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Los Angeles Rams HC Sean McVay: Extension for QB Jared Goff “will get done,” “zero percent chance” Goff won’t get a deal from Rams

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Emphatic!

Los Angeles Rams HC Sean McVay talks with QB Jared Goff before a game against the New Orleans Saints in Week 9, Nov. 4, 2018.
Los Angeles Rams HC Sean McVay talks with QB Jared Goff before a game against the New Orleans Saints in Week 9, Nov. 4, 2018.
Chuck Cook-USA TODAY Sports

Los Angeles Rams Head Coach Sean McVay offered his most emphatic quotes to NFL Media’s Mike Silver today regarding an extension for QB Jared Goff:

Silver mixed up McVay’s final sentence there as he later clarified that McVay tied off those quotes saying it was a matter of when, not if.

If that’s the case, the Rams would be wise to get a deal done as soon as possible, though recent reports have suggested that deal won’t get done until next year at the soonest. That delay, and I’m not sure why there is one if the Rams are as committed as McVay’s comments today suggest, could incur a 3-5% surplus on Goff’s deal as the market continues to evolve. The Rams made sure to avoid that surplus by extending RB Todd Gurley after three years. Not sure why their deal for DL Aaron Donald or a potential one for QB Jared Goff wouldn’t look to do the same, but that’s a question for Chief Operating Officer and Vice President Kevin Demoff and his Special Assistant Tony Pastoors, not McVay.

The timing is interesting given that Pro Football Talk’s Mike Florio pushed another piece (following his first one in late May suggesting he wouldn’t be surprised if Goff didn’t get an extension with the Rams) to suggest the Rams might not re-sign Goff, this time using McVay’s previous quotes as the reason why:

The point isn’t that McVay will simply cut the cord on Goff and find someone else. The point is that, as the top of the quarterback market continues to climb and climb and climb (in less than two years, it’s gone from $25 million per year to $35 million per year), someone eventually will say “no” to the demands of a quarterback who values himself more than the team values him. And until Goff signs a long-term deal, he could be the guy who demands too much, prompting the team to choose to spend less for someone whom Sean McVay can develop into “one of the top quarterbacks in the game,” the same way he has developed Goff.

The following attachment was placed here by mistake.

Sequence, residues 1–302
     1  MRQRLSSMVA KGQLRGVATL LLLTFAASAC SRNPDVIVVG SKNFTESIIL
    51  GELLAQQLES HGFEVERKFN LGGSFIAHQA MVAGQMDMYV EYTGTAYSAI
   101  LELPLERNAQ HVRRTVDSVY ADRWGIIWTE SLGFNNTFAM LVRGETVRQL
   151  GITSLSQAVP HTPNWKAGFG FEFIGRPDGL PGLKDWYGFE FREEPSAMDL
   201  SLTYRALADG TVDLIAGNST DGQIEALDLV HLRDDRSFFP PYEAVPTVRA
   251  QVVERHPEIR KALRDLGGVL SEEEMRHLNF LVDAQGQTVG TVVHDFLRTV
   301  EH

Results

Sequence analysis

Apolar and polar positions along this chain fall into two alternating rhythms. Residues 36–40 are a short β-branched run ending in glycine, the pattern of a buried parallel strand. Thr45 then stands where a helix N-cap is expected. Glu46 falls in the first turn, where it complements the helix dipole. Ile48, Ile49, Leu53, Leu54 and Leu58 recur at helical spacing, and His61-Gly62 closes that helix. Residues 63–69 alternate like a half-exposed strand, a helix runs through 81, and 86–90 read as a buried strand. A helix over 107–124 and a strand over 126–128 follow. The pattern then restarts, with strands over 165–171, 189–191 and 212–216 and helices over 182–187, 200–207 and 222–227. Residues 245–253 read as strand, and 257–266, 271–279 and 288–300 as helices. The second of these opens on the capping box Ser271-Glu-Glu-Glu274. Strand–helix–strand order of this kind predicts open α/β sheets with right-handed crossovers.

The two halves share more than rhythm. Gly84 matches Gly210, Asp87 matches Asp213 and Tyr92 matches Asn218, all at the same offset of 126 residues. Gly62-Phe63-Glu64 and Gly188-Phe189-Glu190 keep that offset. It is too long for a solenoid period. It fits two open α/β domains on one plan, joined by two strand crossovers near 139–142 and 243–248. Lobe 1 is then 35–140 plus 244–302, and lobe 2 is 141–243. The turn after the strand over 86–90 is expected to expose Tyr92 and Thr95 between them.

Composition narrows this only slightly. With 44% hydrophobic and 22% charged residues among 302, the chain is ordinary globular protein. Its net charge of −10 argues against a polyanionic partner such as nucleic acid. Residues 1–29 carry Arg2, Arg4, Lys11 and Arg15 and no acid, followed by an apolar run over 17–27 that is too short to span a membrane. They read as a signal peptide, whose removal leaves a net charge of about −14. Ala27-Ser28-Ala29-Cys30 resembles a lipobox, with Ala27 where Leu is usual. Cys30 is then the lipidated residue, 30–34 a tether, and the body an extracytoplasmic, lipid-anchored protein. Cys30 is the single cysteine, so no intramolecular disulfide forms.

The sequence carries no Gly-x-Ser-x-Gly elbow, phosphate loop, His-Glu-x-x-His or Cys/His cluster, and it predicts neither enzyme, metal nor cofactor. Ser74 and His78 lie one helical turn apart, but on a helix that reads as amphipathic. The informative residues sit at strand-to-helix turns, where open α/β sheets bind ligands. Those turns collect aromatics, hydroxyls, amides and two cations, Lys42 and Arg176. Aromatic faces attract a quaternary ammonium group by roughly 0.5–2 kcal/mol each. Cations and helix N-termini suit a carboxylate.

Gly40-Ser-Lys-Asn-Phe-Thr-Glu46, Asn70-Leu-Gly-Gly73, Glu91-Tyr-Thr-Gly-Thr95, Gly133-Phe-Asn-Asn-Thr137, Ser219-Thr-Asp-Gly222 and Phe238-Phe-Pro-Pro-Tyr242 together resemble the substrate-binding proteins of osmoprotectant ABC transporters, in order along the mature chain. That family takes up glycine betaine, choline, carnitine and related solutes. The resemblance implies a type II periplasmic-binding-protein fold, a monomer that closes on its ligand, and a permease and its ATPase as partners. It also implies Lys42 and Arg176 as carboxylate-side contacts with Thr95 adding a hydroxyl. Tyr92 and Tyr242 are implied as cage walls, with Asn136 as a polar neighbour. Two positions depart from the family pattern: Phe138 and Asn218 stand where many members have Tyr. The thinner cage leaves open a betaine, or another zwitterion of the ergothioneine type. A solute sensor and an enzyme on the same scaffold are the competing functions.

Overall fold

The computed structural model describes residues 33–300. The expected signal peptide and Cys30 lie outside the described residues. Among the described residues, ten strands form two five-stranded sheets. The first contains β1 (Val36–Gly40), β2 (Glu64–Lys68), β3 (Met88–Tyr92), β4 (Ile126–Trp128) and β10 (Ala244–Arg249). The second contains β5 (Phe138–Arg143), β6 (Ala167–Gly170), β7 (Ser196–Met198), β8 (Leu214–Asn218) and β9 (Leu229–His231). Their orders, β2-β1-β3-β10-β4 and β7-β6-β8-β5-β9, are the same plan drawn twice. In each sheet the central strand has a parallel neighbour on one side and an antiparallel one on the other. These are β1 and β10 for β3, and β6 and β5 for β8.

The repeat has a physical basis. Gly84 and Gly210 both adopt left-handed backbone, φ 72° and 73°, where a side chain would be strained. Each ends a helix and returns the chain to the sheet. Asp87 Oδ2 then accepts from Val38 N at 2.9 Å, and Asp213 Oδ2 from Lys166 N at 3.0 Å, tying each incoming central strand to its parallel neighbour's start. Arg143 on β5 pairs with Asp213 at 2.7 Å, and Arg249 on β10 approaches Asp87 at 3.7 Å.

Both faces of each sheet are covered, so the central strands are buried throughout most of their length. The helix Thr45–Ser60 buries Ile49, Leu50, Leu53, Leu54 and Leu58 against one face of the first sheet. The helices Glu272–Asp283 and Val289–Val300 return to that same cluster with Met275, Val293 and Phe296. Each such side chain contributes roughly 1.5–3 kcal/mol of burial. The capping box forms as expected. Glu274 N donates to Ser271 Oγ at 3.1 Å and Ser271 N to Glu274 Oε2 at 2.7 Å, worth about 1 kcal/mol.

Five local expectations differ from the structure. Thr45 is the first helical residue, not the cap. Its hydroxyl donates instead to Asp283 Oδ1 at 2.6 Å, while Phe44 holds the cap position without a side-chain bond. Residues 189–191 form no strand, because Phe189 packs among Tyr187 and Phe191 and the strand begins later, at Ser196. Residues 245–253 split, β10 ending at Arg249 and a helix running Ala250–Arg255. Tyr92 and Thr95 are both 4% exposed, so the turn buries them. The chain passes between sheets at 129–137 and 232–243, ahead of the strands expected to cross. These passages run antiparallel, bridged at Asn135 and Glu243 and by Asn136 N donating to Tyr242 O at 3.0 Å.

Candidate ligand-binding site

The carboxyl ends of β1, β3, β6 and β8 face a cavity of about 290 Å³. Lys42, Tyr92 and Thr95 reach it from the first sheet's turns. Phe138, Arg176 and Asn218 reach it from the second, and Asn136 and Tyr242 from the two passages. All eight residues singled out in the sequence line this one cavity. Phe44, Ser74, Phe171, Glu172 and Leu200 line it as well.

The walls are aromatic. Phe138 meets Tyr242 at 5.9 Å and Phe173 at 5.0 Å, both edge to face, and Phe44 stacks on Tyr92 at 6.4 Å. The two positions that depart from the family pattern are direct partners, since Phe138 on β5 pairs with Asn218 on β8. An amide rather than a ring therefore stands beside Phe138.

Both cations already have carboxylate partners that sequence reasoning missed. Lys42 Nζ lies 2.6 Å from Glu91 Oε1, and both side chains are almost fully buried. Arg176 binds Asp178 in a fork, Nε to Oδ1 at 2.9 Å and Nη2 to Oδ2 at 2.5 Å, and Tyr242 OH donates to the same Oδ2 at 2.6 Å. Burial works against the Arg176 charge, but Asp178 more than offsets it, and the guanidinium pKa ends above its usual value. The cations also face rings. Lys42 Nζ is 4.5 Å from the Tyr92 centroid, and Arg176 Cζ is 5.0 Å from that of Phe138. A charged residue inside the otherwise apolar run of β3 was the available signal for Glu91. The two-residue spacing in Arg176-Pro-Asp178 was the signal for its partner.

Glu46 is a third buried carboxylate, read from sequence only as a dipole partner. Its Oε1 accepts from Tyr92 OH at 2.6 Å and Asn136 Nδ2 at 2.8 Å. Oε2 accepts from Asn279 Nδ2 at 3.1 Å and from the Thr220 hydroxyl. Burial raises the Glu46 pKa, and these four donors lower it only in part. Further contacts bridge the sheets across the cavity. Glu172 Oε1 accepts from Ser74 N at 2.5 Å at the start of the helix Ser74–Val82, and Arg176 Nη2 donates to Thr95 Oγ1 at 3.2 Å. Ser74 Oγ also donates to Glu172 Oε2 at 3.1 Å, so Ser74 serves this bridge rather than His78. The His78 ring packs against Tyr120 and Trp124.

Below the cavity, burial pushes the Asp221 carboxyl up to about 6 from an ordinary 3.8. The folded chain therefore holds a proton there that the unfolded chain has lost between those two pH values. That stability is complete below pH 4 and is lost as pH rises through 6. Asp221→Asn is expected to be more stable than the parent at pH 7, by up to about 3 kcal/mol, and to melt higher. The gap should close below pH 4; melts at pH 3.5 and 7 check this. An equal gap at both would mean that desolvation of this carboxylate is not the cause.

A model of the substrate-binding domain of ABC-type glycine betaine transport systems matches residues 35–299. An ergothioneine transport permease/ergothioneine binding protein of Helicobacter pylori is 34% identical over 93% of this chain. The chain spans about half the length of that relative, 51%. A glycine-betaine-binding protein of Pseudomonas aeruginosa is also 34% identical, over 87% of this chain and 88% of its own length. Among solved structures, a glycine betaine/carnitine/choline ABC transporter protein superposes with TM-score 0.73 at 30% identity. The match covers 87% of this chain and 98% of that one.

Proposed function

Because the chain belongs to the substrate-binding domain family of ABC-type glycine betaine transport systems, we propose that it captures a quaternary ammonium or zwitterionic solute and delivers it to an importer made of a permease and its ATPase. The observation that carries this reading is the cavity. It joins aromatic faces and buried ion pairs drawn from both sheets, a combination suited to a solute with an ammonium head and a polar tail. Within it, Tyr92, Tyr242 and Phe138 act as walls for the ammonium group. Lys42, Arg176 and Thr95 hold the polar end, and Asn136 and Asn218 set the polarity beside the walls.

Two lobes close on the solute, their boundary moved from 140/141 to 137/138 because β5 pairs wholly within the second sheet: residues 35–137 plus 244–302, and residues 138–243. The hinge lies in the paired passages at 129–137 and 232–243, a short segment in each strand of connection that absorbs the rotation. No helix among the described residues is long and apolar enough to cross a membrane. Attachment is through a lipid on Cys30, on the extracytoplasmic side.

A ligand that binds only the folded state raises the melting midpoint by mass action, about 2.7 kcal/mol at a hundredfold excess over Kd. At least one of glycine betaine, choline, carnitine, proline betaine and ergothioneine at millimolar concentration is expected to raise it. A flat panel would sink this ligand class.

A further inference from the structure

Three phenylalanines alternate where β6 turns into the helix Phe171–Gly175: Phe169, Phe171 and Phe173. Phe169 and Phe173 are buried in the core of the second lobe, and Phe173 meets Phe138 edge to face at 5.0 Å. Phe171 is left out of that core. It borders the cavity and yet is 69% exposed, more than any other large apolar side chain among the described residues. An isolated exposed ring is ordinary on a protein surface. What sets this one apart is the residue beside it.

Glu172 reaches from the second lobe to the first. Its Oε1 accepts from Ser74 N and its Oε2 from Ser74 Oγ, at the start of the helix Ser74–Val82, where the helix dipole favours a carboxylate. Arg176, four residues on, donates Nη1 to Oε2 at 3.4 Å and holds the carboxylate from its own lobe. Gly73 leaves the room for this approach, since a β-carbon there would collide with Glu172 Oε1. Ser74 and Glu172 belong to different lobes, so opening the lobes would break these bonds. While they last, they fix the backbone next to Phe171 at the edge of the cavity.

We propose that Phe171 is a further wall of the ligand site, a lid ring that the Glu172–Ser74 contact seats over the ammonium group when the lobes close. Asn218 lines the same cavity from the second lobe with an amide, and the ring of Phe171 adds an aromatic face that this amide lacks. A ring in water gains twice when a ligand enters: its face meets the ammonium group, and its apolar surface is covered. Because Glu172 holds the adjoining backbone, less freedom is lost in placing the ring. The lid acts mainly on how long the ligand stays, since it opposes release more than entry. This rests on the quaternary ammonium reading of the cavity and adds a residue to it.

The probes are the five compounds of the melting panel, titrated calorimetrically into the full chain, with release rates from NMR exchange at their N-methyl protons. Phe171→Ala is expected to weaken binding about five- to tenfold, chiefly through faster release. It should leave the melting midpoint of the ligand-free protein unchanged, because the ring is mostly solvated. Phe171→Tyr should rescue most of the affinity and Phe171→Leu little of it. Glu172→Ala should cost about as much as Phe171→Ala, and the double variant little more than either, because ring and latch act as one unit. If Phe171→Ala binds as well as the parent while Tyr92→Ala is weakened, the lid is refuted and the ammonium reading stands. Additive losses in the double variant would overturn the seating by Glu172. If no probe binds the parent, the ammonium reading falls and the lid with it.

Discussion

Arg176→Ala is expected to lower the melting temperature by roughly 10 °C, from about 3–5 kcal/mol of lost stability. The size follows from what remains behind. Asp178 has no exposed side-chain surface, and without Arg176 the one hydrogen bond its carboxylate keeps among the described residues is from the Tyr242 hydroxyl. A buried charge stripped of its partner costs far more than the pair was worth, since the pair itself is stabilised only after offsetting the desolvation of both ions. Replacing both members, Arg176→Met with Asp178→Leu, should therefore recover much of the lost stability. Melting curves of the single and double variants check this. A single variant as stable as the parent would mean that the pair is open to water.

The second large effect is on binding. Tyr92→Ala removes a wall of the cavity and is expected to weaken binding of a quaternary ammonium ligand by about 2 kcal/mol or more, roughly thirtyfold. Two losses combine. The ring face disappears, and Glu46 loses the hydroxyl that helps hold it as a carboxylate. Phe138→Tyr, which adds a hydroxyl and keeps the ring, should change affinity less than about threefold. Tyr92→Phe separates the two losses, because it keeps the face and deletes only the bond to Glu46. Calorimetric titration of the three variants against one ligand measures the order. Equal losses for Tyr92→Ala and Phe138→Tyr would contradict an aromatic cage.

McVay’s effort to boost Goff in the face of Roggin’s misstated (if he’s talking about my theory) notion that the Rams will just summarily drop Goff actually could contribute to an eventual scenario where Goff does indeed ask for more than the Rams will pay, because McVay’s praise of Goff will do little to dissuade agent Ryan Tollner from trying to make Goff the highest-paid player in NFL history whenever the Rams decide to open talks with Goff.

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McVay maybe genuinely believe all of that. (Chris Simms doesn’t; he’s put Goff at No. 19 on the list of current NFL quarterbacks.) McVay also may be simply pumping up his guy, mindful of the reality that, in order to get the most out of a quarterback, the coach must zealously defend and promote him to anyone and everyone.

Regardless, Tollner will print Goff’s assessment and laminate it for use in the negotiations with Rams COO Kevin Demoff, who will have to deal with McVay’s words when trying to peg a value for Goff’s contract.

So the point I previously made still applies. There’s a chance that Goff will want more than the Rams will pay, and that the Rams will decide to pay another available veteran as much or less or to pay a rookie much, much, much less, thanks to the rookie wage scale. That won’t be known until Goff formulates what he wants. However, McVay’s words won’t make Goff want less, that’s for sure.

MMQB’s Albert Breer explained the source of the speculation in and of itself:

But if nothing else, McVay has made his most emphatic statement yet. That’s undeniable.